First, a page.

Regardless of postseason results, Pascal Siakam's first season as the face of the Toronto Raptors should be seen as an undoubted success.
When Kawhi Leonard left the Toronto Raptors in the summer of 2019, the team was left with a void left to fill. Leonard had just lifted the Raptors to their first-ever NBA championship on the back of a historic postseason run where he averaged 30.5 points per game on an unreal TS% of 62-percent. It was up to Pascal Siakam to fill that void.
An unfair task in some ways, but the expectations were not set as high as they were for Leonard coming in one year earlier. Siakam was voted as the NBA's Most Improved Player one year ago after averaging 16.9 points, 6.9 rebounds, and 3.1 assists per game in his breakout season - he was rewarded with a huge extension set to kick in next season: a four-year $130 million deal with extra incentives on the side.
The Raptors' ambitions were clear: they still wanted to make the postseason and thought they had the roster that was ready to make another deep run. The team possessed talent from top to bottom, had an ambitious and intelligent coach, and was a well-run team. Everything was in place.
Siakam would need to make the jump to star, though. In the 2018-19 NBA season, his jump shot made improvements but was still a clear weak point in his game - a fact that was no more evident than against the Philadelphia 76ers in the Eastern Conference Semi-Finals when Brett Brown had Joel Embiid guard Siakam.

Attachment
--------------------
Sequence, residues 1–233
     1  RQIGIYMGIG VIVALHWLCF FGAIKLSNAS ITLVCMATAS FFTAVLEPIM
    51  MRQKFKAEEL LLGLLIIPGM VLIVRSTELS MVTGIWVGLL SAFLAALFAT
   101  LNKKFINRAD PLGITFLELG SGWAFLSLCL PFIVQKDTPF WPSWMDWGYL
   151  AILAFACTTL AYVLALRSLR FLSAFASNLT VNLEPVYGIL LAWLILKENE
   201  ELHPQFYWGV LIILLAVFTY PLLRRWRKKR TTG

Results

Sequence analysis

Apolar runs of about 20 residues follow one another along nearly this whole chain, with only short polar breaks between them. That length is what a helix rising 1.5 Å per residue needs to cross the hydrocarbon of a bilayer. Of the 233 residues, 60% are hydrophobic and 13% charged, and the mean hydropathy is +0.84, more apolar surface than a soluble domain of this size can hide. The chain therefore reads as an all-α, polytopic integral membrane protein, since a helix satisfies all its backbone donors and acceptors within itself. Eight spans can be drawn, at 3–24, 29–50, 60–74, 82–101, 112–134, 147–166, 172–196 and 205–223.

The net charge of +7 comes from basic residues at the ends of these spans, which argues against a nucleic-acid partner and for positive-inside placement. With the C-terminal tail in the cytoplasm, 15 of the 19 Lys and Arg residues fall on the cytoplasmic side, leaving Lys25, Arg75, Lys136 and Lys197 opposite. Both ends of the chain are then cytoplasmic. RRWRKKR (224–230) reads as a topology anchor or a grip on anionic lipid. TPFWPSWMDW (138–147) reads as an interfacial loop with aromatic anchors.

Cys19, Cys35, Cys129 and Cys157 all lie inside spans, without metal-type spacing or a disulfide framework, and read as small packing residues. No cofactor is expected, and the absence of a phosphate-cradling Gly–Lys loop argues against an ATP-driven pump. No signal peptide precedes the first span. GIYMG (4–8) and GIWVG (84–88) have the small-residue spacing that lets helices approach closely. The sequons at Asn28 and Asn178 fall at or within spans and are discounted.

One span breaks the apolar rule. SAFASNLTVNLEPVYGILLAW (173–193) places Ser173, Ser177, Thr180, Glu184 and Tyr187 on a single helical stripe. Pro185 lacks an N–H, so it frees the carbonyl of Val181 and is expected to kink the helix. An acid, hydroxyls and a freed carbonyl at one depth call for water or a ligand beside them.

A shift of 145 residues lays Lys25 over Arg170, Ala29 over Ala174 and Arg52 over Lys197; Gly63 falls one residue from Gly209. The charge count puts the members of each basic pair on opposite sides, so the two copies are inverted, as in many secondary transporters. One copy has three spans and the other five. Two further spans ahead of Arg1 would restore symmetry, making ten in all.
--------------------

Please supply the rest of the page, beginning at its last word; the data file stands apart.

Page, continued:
Embiid neutralised Siakam's ability to drive to the rim and forced him to turn into a jump shooter. The result was four games with under 40-percent shooter from the field. Siakam still got his points, but his impact was significantly lessened.
To take the next step, he would have to improve in that regard. And he did.
Not only did Siakam become a competent shooter, but he also did it in volume too. In 2018-19, Siakam took 2.7 three-pointers per game at a 37-percent clip. This season, Siakam knocked down 36-percent of his threes at 36-percent per game while taking double the attempts.
The jury would still be out on Siakam, though. He would have to be the main provider for the Raptors on most nights. Kyle Lowry was still an elite floor general, but his game was more emphasised as a creator and facilitator. He could step up in scoring, but Siakam was still the main option.
In the first quarter of the season, Siakam was on fire. He had back-to-back 30-plus point games to start the season before going on a tear up until missing 11 games after going down with an injury against the Detroit Pistons in December.
Siakam was every good as he was imagined to be by Raptors fans. He looked smarter on offense and just as active on defense, and considering he was the Raptors best defender in 2018-19 - that's pretty darn good.
The Raptors are simply a better team when Pascal Siakam is on the court. Their net-rating is better when Siakam is on the court and the team scores more points in his presence. He currently sits in the top-25 in Player Impact Plus-Minus and earned his first-ever All-Star selection this year - and was even a starter, joining the likes of Giannis Antetokounmpo and LeBron James in the honour.
Siakam is the star of the team and has averaged 23.6 points, 7.5 rebounds, and 3.6 assists per game in the 2019-20 NBA season. His field-goal percentage has gone down, as has his TS% - which lingers around league-average, but Siakam is a productive nightly scorer and will likely be the best player on the team next season.
If the season resumes and Siakam has a chance to show his skills on the grandest stage, he could be in an even better position. For now, he has a real chance to make an All-NBA team this season and his star keeps on rising. His first season as the face of the franchise is an undoubted success.